Retailers differentiating with supply chain management

Wanted to point out a cool white paper released today by the Retail Industry Leaders Association and Auburn University, focusing on supply chain management. Find it here, but beware the immediate pdf download (why this new trend toward pdf downloads, I'm not sure). The conclusion the paper reaches is this (SCM stands for supply chain management):
As the retail industry seeks to weather the storm of bad news regarding the global economy and weak consumer spending, CEOs and directors are counting on SCM to sustain profitability. Though revenues are stagnant in many retail organizations, costs are viewed as controllable. In particular, the expenses falling under the control of SCM executives are receiving strong attention from the top of the organization. SCM executives now find themselves in the spotlight and must perform their brand of magic to save the show. They must pull multiple rabbits out of the hat, cutting inventory levels while maintaining high in-stock availability, reducing transportation expenses in a time of unprecedented fuel price volatility, and building consensus when others seek to protect their silos and turf. Certainly, it is nearly impossible to perform these “tricks” without extensive preparation and precise execution.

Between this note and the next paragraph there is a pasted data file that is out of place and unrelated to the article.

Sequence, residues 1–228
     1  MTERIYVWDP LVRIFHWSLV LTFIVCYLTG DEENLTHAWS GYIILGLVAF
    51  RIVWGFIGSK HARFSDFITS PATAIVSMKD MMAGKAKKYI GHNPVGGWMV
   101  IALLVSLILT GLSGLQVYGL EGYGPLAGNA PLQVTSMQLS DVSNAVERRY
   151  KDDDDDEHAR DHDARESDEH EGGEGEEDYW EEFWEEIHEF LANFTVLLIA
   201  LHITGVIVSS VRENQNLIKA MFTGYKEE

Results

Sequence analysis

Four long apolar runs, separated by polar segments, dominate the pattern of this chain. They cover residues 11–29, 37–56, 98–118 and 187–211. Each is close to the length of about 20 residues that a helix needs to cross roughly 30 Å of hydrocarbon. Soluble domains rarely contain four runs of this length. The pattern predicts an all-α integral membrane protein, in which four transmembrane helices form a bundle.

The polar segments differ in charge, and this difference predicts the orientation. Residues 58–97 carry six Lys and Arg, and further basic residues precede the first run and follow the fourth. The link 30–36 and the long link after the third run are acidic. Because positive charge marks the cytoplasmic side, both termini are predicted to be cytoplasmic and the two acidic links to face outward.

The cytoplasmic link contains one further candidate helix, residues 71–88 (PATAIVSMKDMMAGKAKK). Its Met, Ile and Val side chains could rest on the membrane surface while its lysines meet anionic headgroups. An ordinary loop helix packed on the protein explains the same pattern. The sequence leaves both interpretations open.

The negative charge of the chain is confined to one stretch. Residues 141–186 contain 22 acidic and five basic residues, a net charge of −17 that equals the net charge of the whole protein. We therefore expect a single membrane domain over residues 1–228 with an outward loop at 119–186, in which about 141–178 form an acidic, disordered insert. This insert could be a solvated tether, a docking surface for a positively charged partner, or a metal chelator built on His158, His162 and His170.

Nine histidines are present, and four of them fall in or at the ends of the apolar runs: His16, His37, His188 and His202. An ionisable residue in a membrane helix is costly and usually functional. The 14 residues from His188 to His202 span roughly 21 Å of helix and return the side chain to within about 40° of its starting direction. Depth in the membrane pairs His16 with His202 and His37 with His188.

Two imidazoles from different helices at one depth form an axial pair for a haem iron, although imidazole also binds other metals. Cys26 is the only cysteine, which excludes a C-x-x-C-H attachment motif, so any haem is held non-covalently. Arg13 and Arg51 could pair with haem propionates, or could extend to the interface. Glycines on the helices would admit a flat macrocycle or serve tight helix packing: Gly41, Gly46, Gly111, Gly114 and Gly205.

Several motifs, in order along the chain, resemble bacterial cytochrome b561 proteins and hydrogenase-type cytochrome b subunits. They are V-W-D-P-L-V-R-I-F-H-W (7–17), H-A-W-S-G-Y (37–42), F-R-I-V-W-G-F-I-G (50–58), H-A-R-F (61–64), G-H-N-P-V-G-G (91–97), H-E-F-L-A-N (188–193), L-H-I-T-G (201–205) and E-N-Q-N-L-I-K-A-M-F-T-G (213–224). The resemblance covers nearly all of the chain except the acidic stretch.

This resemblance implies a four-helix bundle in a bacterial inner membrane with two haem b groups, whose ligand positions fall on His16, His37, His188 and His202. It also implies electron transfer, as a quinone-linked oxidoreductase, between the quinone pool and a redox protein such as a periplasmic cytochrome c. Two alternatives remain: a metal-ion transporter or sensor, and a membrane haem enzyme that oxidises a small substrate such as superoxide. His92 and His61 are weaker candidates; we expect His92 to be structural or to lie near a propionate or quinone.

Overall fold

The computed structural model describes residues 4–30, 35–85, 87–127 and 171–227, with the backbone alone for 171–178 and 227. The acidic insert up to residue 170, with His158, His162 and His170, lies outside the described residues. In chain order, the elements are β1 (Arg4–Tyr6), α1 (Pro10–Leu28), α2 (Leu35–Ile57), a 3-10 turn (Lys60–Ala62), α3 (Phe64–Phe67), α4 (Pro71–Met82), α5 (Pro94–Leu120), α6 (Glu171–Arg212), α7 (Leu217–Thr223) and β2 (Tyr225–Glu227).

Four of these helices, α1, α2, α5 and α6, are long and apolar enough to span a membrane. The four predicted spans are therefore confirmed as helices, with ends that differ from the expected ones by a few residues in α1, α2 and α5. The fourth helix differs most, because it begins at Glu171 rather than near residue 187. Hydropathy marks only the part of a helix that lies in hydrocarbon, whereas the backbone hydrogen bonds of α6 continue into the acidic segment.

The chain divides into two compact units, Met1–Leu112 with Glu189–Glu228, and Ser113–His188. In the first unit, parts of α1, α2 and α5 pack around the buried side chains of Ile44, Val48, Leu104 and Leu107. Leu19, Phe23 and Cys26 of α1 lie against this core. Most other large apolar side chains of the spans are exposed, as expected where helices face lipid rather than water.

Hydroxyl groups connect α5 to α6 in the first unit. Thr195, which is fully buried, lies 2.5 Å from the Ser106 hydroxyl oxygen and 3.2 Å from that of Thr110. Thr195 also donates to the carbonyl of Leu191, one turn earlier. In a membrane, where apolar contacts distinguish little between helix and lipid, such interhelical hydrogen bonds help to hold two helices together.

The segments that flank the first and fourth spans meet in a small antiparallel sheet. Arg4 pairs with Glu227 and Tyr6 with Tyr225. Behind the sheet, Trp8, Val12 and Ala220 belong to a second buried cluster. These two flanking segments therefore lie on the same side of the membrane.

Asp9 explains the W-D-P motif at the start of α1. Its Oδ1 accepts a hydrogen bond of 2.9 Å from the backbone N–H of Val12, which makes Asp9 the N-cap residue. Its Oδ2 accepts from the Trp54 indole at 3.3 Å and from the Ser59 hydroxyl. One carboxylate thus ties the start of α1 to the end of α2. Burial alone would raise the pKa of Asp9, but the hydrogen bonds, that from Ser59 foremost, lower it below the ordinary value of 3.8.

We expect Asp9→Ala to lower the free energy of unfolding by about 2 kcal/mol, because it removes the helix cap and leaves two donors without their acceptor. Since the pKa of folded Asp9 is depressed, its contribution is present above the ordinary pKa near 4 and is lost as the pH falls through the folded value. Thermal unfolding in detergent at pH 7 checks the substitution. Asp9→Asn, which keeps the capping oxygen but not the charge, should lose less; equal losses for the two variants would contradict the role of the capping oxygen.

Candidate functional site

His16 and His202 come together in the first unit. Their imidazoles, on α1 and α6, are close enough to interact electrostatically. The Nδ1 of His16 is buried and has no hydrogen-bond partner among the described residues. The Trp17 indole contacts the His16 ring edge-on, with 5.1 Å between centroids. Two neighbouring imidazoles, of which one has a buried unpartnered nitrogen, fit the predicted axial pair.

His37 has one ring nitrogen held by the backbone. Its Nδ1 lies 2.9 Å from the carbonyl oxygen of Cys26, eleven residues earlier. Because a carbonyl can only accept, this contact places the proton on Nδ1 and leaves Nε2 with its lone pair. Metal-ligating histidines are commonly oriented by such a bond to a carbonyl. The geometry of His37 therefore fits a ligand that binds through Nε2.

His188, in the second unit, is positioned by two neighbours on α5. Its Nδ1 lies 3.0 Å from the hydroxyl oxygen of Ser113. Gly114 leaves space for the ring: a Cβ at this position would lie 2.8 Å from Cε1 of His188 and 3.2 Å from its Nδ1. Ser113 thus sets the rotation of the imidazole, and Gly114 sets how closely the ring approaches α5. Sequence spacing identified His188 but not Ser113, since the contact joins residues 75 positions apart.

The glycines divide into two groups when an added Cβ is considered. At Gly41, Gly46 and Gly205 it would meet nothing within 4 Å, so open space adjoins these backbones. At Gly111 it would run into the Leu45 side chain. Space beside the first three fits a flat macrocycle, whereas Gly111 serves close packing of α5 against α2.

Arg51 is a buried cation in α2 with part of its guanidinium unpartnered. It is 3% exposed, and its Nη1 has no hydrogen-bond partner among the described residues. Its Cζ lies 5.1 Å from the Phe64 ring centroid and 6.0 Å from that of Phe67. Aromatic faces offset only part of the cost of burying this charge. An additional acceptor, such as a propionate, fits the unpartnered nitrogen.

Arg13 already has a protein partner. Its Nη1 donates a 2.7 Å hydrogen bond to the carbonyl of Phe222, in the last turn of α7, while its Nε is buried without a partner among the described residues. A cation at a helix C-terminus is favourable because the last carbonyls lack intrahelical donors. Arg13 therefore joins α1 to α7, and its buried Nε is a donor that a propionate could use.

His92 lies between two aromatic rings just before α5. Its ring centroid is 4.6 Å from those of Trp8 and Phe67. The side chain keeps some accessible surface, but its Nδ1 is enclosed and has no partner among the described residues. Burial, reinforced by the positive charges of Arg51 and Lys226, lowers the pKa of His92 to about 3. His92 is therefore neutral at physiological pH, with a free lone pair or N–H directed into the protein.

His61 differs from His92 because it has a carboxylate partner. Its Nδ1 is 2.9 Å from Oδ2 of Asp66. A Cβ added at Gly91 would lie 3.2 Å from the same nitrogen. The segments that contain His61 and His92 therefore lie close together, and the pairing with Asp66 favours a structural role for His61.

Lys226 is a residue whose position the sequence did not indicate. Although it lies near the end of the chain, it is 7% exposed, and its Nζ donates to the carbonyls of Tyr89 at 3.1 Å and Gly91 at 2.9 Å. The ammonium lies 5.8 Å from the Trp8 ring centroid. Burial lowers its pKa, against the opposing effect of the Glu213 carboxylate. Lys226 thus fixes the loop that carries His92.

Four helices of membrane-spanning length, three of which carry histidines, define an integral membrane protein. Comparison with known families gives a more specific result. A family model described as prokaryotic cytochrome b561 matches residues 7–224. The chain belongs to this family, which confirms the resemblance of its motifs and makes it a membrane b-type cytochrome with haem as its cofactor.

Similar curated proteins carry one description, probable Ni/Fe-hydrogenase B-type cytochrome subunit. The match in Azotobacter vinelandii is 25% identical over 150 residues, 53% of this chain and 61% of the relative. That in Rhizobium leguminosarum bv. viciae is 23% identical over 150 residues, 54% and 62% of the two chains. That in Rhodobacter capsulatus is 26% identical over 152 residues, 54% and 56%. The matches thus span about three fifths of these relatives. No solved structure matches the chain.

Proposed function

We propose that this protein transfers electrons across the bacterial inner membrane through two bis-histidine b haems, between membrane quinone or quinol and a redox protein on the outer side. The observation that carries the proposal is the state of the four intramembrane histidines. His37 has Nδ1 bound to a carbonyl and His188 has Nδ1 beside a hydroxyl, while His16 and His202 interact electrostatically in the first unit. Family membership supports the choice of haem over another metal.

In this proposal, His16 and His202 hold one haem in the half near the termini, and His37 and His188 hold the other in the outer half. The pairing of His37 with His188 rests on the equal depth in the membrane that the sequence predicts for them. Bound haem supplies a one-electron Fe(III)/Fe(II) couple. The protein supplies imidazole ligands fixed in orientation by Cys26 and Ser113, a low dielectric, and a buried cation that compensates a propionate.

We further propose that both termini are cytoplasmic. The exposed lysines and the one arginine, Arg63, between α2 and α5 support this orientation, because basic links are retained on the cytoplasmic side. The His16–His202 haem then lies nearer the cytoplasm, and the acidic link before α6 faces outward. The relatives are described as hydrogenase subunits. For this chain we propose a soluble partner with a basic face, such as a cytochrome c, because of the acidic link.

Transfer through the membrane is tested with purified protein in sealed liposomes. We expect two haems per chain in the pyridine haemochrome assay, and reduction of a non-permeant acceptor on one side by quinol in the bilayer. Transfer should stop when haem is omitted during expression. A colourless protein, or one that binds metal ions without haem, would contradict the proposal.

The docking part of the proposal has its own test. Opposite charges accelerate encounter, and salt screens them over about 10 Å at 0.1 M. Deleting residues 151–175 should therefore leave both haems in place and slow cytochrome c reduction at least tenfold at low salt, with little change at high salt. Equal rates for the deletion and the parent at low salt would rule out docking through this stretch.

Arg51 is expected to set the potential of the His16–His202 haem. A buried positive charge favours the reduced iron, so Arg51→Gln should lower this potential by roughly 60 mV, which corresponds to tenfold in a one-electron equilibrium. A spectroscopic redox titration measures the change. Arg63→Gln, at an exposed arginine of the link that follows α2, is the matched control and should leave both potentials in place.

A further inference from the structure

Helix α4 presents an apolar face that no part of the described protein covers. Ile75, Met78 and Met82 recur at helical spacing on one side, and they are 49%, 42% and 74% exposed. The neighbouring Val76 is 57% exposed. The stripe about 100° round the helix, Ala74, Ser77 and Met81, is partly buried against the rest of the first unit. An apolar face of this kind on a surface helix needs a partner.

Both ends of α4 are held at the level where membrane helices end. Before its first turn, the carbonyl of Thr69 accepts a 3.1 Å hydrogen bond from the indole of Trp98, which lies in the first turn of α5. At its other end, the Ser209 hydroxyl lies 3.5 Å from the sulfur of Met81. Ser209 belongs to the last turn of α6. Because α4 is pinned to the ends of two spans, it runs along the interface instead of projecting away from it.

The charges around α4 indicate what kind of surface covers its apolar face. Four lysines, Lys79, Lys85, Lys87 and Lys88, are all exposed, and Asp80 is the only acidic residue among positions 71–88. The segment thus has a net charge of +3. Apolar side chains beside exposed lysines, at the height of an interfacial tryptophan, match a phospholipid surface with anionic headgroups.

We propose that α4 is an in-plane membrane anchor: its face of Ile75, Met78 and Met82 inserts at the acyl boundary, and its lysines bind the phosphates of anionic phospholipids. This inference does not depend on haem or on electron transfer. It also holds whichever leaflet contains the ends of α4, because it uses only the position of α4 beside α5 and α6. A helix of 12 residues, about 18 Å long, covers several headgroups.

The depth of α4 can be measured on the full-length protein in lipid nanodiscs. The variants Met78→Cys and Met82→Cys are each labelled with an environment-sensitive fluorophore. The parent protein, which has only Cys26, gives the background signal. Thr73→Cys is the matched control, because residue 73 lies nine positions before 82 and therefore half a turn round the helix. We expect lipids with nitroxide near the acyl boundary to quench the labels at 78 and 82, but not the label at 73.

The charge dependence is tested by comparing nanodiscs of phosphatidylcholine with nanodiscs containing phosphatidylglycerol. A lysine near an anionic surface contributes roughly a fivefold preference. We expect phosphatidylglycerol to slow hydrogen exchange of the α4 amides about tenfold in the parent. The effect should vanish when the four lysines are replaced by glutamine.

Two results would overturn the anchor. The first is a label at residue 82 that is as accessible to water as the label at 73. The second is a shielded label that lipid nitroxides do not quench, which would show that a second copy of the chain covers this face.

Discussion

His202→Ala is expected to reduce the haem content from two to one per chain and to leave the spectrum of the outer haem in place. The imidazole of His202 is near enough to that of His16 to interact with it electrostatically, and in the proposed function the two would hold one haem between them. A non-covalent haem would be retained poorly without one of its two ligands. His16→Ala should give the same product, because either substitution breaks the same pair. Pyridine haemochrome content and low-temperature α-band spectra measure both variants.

How can "security" help these SCM executives look like magicians? Security is not even mentioned in the paper, which makes me think there's an opportunity there. For example, the paper notes this about RFID:
[N]ewer initiatives have not had as great an impact on performance. It will take time for retailers to fully harness the potential of sustainability efforts and RFID technology.
So, it would seem that Lojack's recent partnership with NC4 makes a lot of sense. If constant awareness and protection of the supply chain can evince tangible savings, this white paper makes it clear that SCM types are going to be all over it like white on rice. But it's also going to take an education effort. It's clear that SCM executives are not focusing on security, or technology in general, to solve problems and create efficiencies. As with the capabilities of security systems as a whole, often the end users are thinking of the solution because they don't know it exists. Make sure they know it exists.